Come Death and High Water (George and Molly Palmer-Jones) by Ann Cleeves
|Come Death and High Water (George and Molly Palmer-Jones) by Ann Cleeves|
|Reviewer: Sue Magee|
|Summary: It was a mistake for Charlie Todd to announce to the Gillibry Bird Observatory Trust that he was going to sell the island. He was murdered shortly afterwards. A good read.|
|Buy? Yes||Borrow? Yes|
|Pages: 224/7h1m||Date: June 1987|
|External links: Author's website|
Charlie Todd, children's author and owner of Gillibry Island on which was based the Gillibry Bird Observatory Trust, announced that he was going to sell the island. He was a man prone to passing enthusiasms and it seemed that his keenness for birding and ringing was definitely waning. He was talking - and seemingly expecting that the committee of the Trust would share his new passion - about restoring a boat and this was why he needed the money. Within a matter of hours he was dead in one of the bird hides and because the island had been cut off by the tide it could only be a member of the committee who was responsible - and each of them could have had their own reason. George Palmer-Jones had not been present at the time of the murder, but he was a member of the committee and he decided to investigate.
I came to Come Death and High Water fresh from A Bird in the Hand. I'd liked the combination of George and his wife Molly; he cerebral and far-sighted if prone to impatience, she more kindly and patient, sensitive to others' feelings. So - it was a slight disappointment when I discovered that for much of this book Molly had been left at home and it was up to George to investigate. I was more conscious in this book that it was written thirty years ago: it wasn't just the absence of mobile phones, but students having grants (those were the days) and a general air of the world being less connected. Get over this though and it's a good story.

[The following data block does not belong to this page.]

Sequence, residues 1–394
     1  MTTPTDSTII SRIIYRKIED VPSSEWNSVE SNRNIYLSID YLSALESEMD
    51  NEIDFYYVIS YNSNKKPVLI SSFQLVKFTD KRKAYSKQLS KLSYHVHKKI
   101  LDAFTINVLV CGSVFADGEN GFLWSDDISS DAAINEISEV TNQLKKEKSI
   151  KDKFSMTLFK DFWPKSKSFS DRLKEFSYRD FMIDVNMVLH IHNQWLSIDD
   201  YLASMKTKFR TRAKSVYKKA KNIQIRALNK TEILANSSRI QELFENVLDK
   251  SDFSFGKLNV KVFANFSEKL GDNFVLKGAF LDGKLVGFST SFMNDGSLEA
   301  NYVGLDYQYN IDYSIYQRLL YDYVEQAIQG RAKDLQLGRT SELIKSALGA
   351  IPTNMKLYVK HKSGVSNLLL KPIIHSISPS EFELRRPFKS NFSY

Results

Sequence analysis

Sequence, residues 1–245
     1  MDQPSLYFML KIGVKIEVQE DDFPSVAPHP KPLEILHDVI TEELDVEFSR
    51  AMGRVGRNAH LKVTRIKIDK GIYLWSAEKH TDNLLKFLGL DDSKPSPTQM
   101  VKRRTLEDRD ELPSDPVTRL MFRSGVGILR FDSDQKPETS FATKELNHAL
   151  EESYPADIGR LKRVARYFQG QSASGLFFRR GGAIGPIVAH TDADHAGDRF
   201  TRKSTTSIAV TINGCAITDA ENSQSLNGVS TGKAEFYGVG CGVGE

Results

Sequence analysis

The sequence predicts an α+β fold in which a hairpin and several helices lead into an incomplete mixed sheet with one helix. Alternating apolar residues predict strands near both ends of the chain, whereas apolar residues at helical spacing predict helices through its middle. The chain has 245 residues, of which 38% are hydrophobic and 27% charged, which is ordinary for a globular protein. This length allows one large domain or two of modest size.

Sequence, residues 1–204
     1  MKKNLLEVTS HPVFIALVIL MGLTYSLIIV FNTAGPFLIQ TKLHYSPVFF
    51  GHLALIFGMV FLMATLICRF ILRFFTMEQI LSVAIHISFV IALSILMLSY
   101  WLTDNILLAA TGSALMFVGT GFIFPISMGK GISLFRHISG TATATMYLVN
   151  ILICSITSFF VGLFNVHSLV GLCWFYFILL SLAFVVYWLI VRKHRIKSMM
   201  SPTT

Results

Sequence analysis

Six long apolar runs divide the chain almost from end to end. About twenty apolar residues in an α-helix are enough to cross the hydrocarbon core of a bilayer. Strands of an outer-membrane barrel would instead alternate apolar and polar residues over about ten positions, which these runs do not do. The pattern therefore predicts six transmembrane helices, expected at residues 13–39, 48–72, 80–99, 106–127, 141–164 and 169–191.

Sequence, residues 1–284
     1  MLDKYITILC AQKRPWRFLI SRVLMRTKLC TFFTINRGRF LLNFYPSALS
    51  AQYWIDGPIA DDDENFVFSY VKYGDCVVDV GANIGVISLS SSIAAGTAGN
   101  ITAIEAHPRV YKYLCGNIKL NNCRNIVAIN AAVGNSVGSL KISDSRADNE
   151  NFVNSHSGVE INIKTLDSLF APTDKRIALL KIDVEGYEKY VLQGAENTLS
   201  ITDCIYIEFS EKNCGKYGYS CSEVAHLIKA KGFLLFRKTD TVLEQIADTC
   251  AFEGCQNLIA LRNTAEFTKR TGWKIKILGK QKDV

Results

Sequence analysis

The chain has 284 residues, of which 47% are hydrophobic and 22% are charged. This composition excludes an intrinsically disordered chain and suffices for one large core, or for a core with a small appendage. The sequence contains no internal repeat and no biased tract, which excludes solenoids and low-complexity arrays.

It wasn't that I didn't guess whodunnit, it was that I had no idea, but the solution was logical and satisfying. I enjoyed the insight into the birding world and particularly the practice of ringing birds and the use of a Heligoland trap or a mist net. It isn't something I'd like to be involved in - it feels slightly cruel although I accept that it's all done very carefully - but it was fascinating to see how it's done.
Rather than read the book I listened to an audio download (which I bought myself), narrated by Seán Barrett. As with A Bird in the Hand I was impressed by his range of voices and Barrett is very easy, indeed almost soothing, to listen to. He's on my list of preferred narrators.
So far it doesn't seem that there's any great benefit in reading the books in chronological order but if you prefer to do so, there's a list here. If you enjoy the George and Molly books we think that you'll also enjoy Ann Cleeves' Shetland novels and don't forget D I Vera Stanhope.
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You can read more book reviews or buy Come Death and High Water (George and Molly Palmer-Jones) by Ann Cleeves at Amazon.com.
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